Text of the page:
Through the Looking Glass: “Inevitably it comes up. ‘How is Dartmouth going?’”

by Hui Cheng | 5/14/15 7:44pm

Cheng discusses being “eased into norms of a more privileged class” at Dartmouth.
Source: Cherry Huang/The Dartmouth staff

I avoid going home because I can’t avoid mealtimes. The scene plays out almost exactly the same way each time. My father complains about bills, my mother gossips about her immigrant friends’ children and my 10-year-old brother spills food onto his comic books, ignoring everyone present. I remain silent, not sure which parts of my current life I can share with a family that lives in an entirely different world.

The D-Plan helps, giving me excuses to drop in briefly and leave. I have to fly to London. I have to leave for my internship. I have to get back to school so I can have a few days to study up before classes. The inconsistency of the D-Plan schedule lends me a façade of busyness that I can hide behind at home or on the phone. Mom, I would love to talk, but I can’t.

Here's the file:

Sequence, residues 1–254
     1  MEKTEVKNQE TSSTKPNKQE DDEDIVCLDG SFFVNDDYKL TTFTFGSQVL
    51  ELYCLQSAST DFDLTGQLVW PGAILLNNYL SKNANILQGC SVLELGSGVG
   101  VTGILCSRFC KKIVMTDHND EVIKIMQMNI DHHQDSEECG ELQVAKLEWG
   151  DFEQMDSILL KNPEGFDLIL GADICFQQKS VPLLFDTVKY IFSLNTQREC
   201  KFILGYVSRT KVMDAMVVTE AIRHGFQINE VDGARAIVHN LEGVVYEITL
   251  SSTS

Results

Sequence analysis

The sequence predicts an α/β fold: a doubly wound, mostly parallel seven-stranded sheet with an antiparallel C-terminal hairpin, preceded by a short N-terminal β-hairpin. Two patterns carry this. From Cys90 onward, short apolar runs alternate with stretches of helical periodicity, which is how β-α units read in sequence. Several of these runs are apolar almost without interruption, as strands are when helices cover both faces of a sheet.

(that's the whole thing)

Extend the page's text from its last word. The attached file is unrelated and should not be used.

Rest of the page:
But inevitably, it comes up. “How is Dartmouth going?”

Winter break after freshman fall, I didn’t want to answer the question. I had a difficult time adjusting to college with the overwhelming New England culture and moneyed privilege permeating every little corner of campus life. When my undergraduate advisor stressed to us the importance of building relationships with professors, I was too embarrassed to ask for clarification as to what that meant while others nodded along. What did it mean to build relationships? All my life, I had been taught that teachers and adults were authoritative figures — classes were instructive. I did my work, I was respectful toward professors and I got good grades. It was how I had aced high school, and when the same formula didn’t map onto college, I wasn’t sure what to do. My parents never attended college in the United States and had little idea of what a liberal arts education might entail. In my public school, teachers were always busy, and our one college counselor was constantly overworked.